The sound of enemy munitions will give some clue to the presence of chemical weapons. Muffled shell or bomb detonations are a good indicator.
Irritation in the nose or eyes or on the skin is an urgent warning to protect your body from chemical agents. Additionally, a strange taste in food, water, or cigarettes may serve as a warning that they have been contaminated.
As a survivor, always use the following general steps, in the order listed, to protect yourself from a chemical attack [the last two steps should be a prepper’s focus]:
Your protective mask and overgarment are the key to your survival. Without these, you stand very little chance of survival. You must take care of these items and protect them from damage. You must practice and know correct self-aid procedures before exposure to chemical agents. The detection of chemical agents and the avoidance of contaminated areas is extremely important to your survival. Use whatever detection kits may be available to help in detection. Since you are in a survival situation, avoid contaminated areas at all costs. You can expect no help should you become contaminated. If you do become contaminated, decontaminate yourself as soon as possible using proper procedures. [see FEMA’s After a Chemical Attack for more on decontamination]
If you find yourself in a contaminated area, try to move out of the area as fast as possible. Travel crosswind or upwind to reduce the time spent in the downwind hazard area. If you cannot leave the area immediately and have to build a shelter, use normal shelter construction techniques, with a few changes. Build the shelter in a clearing, away from all vegetation. Remove all topsoil in the area of the shelter to decontaminate the area. Keep the shelter’s entrance closed and oriented at a 90-degree angle to the prevailing wind. Do not build a fire using contaminated wood–the smoke will be toxic. Use extreme caution when entering your shelter so that you will not bring contamination inside.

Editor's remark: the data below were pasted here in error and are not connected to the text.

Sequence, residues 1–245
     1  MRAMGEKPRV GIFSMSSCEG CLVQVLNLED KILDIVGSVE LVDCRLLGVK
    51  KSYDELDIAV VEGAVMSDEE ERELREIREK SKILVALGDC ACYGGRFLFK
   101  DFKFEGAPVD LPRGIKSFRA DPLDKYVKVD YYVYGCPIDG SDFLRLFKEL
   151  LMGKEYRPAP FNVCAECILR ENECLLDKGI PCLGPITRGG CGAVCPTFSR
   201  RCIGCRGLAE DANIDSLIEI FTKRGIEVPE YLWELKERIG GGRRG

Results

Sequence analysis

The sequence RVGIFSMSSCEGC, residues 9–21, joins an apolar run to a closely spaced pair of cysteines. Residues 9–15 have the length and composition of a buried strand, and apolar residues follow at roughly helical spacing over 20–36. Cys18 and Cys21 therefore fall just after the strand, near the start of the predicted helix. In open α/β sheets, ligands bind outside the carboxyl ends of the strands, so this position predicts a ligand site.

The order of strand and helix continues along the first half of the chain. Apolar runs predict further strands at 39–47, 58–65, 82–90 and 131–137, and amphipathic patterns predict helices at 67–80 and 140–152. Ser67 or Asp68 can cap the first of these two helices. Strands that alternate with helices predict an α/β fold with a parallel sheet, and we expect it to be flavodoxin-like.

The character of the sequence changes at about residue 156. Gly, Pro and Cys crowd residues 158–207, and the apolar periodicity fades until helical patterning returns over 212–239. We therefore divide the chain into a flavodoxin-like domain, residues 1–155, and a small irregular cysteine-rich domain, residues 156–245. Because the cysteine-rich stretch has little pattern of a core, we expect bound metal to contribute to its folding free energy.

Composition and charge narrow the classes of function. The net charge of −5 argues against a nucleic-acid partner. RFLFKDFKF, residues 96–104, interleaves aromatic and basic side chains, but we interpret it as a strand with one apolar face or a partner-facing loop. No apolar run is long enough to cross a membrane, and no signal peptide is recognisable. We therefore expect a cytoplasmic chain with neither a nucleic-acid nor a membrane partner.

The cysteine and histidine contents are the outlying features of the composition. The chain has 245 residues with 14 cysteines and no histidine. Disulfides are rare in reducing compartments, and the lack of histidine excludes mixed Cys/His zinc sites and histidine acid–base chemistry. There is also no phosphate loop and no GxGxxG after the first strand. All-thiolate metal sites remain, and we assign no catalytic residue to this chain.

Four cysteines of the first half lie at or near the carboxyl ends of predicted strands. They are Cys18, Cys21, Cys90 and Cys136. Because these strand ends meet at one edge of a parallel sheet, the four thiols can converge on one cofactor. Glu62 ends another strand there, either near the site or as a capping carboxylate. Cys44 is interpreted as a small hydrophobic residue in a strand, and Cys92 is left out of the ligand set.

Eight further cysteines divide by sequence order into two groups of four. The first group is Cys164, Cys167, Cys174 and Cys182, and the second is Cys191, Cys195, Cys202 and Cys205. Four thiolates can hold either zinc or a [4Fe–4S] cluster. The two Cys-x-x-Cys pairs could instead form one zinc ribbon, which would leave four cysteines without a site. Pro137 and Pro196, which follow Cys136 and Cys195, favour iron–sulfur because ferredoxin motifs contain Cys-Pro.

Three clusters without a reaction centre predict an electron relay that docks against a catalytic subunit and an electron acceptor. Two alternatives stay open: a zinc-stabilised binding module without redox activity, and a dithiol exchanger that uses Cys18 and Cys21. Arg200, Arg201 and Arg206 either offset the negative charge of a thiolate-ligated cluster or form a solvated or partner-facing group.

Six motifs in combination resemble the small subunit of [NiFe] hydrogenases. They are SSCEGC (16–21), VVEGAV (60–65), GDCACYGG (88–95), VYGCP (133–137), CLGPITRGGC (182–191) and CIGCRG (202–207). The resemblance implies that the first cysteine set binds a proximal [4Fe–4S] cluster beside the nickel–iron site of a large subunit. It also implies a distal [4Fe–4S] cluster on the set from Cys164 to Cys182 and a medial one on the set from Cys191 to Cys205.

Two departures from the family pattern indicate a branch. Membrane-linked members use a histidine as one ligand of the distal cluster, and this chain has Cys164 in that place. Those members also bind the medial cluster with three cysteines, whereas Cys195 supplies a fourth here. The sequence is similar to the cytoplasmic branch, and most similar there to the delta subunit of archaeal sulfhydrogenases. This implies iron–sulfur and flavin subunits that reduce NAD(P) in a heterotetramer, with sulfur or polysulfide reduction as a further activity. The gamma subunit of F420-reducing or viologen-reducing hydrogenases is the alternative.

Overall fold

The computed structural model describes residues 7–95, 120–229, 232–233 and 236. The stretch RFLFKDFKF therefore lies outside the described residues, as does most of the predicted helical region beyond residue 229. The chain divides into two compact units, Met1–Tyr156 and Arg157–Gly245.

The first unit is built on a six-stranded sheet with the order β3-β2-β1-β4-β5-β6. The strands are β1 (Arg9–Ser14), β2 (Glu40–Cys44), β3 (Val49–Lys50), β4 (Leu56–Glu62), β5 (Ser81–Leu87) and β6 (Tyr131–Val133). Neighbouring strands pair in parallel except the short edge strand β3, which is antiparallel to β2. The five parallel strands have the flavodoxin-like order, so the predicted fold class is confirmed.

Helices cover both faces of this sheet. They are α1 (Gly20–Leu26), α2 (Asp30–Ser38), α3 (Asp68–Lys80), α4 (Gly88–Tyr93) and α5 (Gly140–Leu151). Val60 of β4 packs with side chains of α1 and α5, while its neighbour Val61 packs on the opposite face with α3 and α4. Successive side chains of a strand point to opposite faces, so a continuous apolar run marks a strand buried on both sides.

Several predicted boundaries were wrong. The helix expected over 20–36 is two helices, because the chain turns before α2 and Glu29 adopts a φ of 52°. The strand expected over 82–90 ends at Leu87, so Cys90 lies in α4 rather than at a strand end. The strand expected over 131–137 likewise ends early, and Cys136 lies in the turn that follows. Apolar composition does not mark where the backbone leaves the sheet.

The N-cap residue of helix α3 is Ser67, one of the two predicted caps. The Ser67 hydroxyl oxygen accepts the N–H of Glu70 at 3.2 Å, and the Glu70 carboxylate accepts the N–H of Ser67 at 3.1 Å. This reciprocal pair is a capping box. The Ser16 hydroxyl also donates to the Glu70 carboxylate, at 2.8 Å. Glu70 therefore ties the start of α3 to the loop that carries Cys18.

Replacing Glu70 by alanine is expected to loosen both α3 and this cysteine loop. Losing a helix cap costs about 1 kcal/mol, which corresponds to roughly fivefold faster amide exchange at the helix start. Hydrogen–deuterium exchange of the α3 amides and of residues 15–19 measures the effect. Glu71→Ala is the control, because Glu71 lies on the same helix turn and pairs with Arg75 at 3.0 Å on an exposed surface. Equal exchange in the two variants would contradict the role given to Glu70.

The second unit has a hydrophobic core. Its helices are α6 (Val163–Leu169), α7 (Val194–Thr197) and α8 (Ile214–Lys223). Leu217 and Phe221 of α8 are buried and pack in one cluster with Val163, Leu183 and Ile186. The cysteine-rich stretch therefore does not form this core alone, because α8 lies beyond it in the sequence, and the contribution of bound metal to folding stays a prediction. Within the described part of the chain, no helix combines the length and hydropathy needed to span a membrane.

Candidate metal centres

As with biological and nuclear environments, getting water in a chemical environment is difficult. Obviously, water in sealed containers is your best and safest source. You must protect this water as much as possible. Be sure to decontaminate the containers before opening.
If you cannot get water in sealed containers, try to get it from a closed source such as underground water pipes. You may use rainwater or snow if there is no evidence of contamination. Use water from slow-moving streams, if necessary, but always check first for signs of contamination, and always filter the water as described under nuclear conditions. Signs of water source contamination are foreign odors such as garlic, mustard, geranium, or bitter almonds; oily spots on the surface of the water or nearby; and the presence of dead fish or animals. If these signs are present, do not use the water. Always boil or purify the water to prevent bacteriological infection.
It is extremely difficult to eat while in a contaminated area. You will have to break the seal on your protective mask to eat. If you eat, find an area in which you can safely unmask. The safest source of food is your sealed combat rations. Food in sealed cans or bottles will also be safe. Decontaminate all sealed food containers before opening, otherwise you will contaminate the food.
If you must supplement your combat rations with local plants or animals, do not use plants from contaminated areas or animals that appear to be sick. When handling plants or animals, always use protective gloves and clothing.